And yeah, that’s, that’s typically what we do with corporate clients, things like that. Um, so, so as you were talking about this though, just this may be an off the wall question, but I’m curious your thoughts on this. You’re, you’re on a mission, right, to, to help improve the data literacy of people, uh, of just the general population, maybe of anyone that you can talk to and teach. In your opinion, what would the world be like? Or how would it change if most people, or if everyone had reached, I dunno, level two of your course, everyone’s data literate. Like what does that look like?

Ben: Yeah. Wow. Well, that’s a great question. I mean, I think some of the public discourse would change. We would be able to understand how to have conversations that are based in numerical facts a little better than we do today. I think today when someone is interacting with data, let’s say about a political poll or an election or something about their state budget, they’re not walking away with a accurate understanding of what is happening. And so that leads to, I think, all kinds of problems in public discourse. And so number one, my on the optimistic side of me says that this would allow us to, to agree more, you know, and I mean, think maybe the pessimistic side says that, you know, now people would know how to perhaps use data to advance their own agenda in a better way than they do today. So I think there’s the good and the bad, right?

There’s kind of the, you know, I guess maybe the positive aspect of being highly data literate when it’s also combined with ethics, when it’s also combined with open-mindedness and a desire to collaborate with people. There’s also the negative side of being data literate, which involves, you know, perhaps, um, doing things that are, you know, not exactly on the up and up. I think though that in a world where people are highly data literate, well I guess it would be harder to pull the wool over people’s eyes maybe. Um, so I would hope anyway. And that’s one thing that I would like to see. I feel like I honestly, I feel like this is more than a generation away though. You know, it’s just not, it’s just dealing with concept. Maybe that sounds pessimistic in a sense, but I just think that there’s ways that we think that are still not quite evolving or have not evolved to that degree.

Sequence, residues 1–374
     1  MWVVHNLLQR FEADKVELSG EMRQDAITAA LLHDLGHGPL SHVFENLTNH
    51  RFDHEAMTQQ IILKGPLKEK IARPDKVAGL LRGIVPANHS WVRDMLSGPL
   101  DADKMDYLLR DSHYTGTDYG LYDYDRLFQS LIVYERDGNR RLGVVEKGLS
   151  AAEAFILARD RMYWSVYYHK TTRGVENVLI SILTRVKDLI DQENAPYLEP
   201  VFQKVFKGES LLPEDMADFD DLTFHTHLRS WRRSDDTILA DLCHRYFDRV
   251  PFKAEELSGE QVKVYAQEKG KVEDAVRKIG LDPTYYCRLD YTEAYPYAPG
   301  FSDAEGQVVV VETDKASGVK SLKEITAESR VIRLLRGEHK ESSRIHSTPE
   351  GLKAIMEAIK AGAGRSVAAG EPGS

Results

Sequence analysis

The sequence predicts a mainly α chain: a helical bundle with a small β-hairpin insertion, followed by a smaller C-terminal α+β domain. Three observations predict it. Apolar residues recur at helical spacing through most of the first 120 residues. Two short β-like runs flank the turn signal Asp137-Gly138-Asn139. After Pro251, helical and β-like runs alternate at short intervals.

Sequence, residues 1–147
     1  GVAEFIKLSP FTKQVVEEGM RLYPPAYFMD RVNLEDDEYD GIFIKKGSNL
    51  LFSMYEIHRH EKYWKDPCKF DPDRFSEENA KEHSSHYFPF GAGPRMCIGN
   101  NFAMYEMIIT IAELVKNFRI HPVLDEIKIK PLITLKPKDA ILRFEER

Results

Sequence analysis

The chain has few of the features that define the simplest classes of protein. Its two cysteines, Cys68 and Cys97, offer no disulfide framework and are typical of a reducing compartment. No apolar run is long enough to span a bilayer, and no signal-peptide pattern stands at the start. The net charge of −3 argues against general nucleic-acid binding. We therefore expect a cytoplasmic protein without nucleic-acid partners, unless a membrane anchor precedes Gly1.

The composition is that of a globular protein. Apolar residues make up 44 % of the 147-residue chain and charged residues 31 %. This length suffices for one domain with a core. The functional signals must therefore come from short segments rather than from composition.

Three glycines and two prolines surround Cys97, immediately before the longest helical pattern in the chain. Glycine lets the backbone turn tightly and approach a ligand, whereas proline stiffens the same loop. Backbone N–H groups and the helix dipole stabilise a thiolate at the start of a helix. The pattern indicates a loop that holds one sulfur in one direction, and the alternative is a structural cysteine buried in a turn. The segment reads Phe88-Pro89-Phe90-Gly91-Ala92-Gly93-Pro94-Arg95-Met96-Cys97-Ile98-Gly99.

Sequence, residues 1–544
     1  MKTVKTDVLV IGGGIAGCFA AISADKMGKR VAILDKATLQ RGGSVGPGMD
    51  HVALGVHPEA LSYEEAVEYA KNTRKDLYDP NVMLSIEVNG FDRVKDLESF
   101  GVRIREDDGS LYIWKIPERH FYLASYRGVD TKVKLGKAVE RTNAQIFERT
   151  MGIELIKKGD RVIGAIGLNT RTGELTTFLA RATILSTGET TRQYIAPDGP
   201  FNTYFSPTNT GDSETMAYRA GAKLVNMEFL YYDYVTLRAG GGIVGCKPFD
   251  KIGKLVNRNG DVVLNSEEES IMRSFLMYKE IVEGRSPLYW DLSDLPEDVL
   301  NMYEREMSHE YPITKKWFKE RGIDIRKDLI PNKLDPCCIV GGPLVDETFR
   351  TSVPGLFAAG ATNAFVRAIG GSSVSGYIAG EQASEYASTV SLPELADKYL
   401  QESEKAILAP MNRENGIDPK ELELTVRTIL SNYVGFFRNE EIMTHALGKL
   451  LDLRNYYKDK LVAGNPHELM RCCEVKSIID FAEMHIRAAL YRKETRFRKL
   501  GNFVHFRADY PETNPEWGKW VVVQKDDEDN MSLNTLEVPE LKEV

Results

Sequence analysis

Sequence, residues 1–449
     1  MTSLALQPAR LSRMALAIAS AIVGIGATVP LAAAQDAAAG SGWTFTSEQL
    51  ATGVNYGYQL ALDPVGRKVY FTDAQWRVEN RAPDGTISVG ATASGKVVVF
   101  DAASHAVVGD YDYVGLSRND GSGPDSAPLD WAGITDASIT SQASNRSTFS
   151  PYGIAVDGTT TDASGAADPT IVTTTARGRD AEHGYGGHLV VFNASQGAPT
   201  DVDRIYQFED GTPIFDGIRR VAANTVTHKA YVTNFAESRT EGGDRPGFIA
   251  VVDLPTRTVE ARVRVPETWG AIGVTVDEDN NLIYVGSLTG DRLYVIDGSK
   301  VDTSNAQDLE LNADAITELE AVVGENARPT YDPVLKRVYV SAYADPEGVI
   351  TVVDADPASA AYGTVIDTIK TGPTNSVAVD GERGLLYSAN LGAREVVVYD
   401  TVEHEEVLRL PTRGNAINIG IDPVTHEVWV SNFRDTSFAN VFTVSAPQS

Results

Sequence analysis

And it isn’t like we can’t change this overnight where everybody suddenly embraces and gets how to work with data at a very deep level. I kind of see it as, and this is maybe a more hopeful way to see it, is that we’re, you know, in some ways you can think of of our current generation is at a very young age, maybe a toddler age in terms of the overall species ability to work with large amounts of data. And I like to think we’re in the process of building up an immune system to some of those pitfalls, which is the book. And then also maybe, you know, kind of also learning some good habits and techniques to help, uh, the next generations look back maybe. And you know, how we look back and think of, I don’t know, think of something like bloodletting or, right. I don’t know.